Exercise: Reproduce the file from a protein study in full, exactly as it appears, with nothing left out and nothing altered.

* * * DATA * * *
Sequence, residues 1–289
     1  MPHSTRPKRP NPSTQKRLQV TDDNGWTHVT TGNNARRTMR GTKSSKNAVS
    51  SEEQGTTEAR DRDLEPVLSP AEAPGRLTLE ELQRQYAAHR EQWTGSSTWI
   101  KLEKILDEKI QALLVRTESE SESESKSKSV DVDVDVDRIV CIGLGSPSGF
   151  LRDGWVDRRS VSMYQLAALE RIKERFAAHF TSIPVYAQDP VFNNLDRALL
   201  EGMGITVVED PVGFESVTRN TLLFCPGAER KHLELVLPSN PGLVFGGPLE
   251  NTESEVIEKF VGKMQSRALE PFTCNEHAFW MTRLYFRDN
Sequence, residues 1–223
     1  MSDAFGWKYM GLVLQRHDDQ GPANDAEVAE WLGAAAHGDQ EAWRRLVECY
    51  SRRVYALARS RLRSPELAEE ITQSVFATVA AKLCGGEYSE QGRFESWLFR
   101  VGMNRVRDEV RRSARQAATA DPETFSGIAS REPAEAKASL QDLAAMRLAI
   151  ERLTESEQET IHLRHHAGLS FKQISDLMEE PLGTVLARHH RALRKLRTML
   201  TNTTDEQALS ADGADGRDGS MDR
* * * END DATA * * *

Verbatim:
Sequence, residues 1–289
     1  MPHSTRPKRP NPSTQKRLQV TDDNGWTHVT TGNNARRTMR GTKSSKNAVS
    51  SEEQGTTEAR DRDLEPVLSP AEAPGRLTLE ELQRQYAAHR EQWTGSSTWI
   101  KLEKILDEKI QALLVRTESE SESESKSKSV DVDVDVDRIV CIGLGSPSGF
   151  LRDGWVDRRS VSMYQLAALE RIKERFAAHF TSIPVYAQDP VFNNLDRALL
   201  EGMGITVVED PVGFESVTRN TLLFCPGAER KHLELVLPSN PGLVFGGPLE
   251  NTESEVIEKF VGKMQSRALE PFTCNEHAFW MTRLYFRDN
Sequence, residues 1–223
     1  MSDAFGWKYM GLVLQRHDDQ GPANDAEVAE WLGAAAHGDQ EAWRRLVECY
    51  SRRVYALARS RLRSPELAEE ITQSVFATVA AKLCGGEYSE QGRFESWLFR
   101  VGMNRVRDEV RRSARQAATA DPETFSGIAS REPAEAKASL QDLAAMRLAI
   151  ERLTESEQET IHLRHHAGLS FKQISDLMEE PLGTVLARHH RALRKLRTML
   201  TNTTDEQALS ADGADGRDGS MDR